Gene products of all three distinct nitric oxide synthases are present in the mammalian kidney. This mosaic topography of nitric oxide synthase (NOS) isoforms probably reflects distinct functional role played by each enzyme. While nitric oxide (NO) is cytotoxic to isolated renal tubules, inhibition of NO production in vivo invariably results in the aggravation of renal dysfunction in various models of acute renal failure. We reasoned that the existing ambiguity on the role of nitric oxide in acute renal failure is in part due to the lack of selective NOS inhibitors. Phosphorothioated derivatives of antisense oligodeoxynucleotides targeting a conserved sequence within the open reading frame of the cDNA encoding the inducible NOS (iNOS) were designed to produce a selective knock-down of this enzyme. In vivo use of these antisense constructs attenuated acute renal failure in rats subjected to renal ischemia. This effect was due, at least in part, to the rescue of tubular epithelium from lethal injury. Application of antisense constructs did not affect endothelial NOS, as evidenced by a spared NO release after the infusion of bradykinin during in vivo monitoring with an NO-selective microelectrode. In conclusion, the data provide direct evidence for the cytotoxic effects of NO produced via iNOS in the course of ischemic acute renal failure, and offer a novel method to selectively prevent the induction of this enzyme.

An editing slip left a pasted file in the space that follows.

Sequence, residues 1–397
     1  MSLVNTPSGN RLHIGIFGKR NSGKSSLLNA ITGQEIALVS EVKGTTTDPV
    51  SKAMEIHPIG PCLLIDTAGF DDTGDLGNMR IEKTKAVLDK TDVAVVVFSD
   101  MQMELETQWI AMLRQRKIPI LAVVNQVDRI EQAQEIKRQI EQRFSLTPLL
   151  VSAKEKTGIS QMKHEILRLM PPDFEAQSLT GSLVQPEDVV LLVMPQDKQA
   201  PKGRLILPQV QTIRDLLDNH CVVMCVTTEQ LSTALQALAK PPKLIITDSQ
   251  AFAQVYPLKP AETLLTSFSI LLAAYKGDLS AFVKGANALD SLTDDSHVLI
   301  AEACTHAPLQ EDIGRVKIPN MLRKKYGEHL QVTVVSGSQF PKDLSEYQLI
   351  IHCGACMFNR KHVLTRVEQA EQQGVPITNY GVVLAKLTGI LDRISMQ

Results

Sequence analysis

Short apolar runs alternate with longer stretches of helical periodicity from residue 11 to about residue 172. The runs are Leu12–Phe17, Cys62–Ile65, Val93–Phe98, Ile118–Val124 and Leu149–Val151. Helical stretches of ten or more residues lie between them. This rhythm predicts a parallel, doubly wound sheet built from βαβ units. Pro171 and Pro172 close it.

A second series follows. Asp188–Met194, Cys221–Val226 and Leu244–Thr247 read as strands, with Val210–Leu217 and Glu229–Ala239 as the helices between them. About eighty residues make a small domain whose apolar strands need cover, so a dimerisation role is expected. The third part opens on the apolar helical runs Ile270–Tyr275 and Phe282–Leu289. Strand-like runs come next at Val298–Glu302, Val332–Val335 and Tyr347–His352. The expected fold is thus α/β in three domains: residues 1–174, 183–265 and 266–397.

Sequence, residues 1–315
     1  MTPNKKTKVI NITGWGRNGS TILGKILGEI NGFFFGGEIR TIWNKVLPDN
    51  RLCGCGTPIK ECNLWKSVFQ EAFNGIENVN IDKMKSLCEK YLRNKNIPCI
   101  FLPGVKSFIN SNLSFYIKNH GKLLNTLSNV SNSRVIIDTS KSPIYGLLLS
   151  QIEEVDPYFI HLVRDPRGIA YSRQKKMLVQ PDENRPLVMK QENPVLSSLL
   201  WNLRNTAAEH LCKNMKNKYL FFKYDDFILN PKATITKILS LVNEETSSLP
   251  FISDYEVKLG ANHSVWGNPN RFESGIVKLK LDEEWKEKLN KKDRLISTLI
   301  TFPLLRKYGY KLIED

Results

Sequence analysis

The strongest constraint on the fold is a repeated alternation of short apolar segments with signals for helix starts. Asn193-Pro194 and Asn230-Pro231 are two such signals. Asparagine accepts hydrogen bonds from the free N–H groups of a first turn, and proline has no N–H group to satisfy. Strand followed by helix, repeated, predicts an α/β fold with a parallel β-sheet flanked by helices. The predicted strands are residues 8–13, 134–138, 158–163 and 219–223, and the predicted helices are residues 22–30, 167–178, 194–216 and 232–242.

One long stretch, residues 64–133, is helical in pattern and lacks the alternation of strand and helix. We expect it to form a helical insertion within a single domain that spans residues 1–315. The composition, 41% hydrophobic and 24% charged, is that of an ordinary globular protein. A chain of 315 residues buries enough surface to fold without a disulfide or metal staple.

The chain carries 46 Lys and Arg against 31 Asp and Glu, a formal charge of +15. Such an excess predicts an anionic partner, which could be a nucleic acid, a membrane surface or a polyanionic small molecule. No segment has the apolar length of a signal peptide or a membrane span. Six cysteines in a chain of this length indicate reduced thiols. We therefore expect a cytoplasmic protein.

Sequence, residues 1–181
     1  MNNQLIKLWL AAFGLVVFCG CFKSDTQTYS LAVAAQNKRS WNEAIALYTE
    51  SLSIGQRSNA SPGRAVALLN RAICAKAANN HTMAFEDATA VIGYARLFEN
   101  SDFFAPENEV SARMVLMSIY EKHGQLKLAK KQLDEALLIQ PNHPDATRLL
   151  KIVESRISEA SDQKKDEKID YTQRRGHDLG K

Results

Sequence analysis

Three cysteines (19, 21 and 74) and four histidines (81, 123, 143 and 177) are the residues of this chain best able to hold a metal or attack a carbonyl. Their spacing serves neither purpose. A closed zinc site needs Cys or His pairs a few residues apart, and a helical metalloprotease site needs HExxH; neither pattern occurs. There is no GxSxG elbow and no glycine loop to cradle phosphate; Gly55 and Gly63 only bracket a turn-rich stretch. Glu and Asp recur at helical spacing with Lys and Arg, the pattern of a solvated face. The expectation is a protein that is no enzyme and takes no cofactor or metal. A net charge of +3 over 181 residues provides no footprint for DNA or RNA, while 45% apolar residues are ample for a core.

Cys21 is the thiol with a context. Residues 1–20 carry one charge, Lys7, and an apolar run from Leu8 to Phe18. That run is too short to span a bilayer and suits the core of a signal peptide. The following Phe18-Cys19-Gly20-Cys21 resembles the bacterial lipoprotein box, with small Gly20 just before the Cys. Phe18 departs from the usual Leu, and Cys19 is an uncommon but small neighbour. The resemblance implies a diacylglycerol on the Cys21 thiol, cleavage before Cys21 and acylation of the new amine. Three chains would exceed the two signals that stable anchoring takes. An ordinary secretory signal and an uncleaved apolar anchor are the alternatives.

E Noiri, T Peresleni, F Miller, M S Goligorsky